Phlegm is the thick, sticky mucus that drips down the back of your throat when you have a cold. Although drinking milk may make phlegm thicker and more irritating to your throat than it would normally be, milk doesn't cause your body to make more phlegm. Studies have found milk intake was not associated with increased nasal secretions, coughing, nose symptoms or congestion. Some doctors say that milk thickens saliva, which may coat the throat and give the perception of more mucus, but it does not cause the body to produce more mucus or phlegm.
Postnasal drip also commonly causes excess mucus at the back of your nose and throat many times after eating. Excessive, thick phlegm or chest mucus can often be caused by viral or bacterial infections such as influenza, bronchitis and pneumonia, as well as irritants such as those inhaled during smoking.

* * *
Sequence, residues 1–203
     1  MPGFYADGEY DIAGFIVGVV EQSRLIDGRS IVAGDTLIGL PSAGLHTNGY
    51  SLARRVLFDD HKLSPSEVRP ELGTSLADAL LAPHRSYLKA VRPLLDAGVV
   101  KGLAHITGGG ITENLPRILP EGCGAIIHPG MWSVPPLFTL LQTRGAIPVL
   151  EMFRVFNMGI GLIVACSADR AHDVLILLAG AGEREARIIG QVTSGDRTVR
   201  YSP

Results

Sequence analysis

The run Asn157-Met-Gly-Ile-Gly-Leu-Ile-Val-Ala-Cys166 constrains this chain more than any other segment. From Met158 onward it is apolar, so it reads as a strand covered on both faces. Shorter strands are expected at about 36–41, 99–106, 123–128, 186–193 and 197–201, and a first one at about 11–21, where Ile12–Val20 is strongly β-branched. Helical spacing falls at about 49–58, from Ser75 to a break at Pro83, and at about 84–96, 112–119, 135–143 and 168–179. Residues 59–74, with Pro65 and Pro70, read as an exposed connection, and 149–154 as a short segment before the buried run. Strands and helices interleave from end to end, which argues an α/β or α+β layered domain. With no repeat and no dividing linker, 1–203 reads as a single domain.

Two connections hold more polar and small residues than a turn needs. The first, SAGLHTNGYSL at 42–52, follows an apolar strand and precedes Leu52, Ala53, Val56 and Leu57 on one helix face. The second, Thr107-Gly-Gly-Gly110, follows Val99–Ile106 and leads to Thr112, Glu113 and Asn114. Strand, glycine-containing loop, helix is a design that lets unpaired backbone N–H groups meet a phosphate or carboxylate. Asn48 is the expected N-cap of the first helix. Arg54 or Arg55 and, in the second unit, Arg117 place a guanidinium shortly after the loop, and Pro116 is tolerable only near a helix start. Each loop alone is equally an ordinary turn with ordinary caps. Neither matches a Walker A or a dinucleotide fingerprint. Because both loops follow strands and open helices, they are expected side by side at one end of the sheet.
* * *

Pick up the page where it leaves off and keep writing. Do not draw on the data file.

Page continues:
Hacking coughs and endless throat clearing are problems that can be greatly helped by improving general lung health.
There’s absolutely no truth to the idea that milk increases mucus production, so there’s no need to skip it when you feel congested. Furthermore, milk may actually contribute to speeding up recovery, as drinking lots of fluids when you have a cold is important.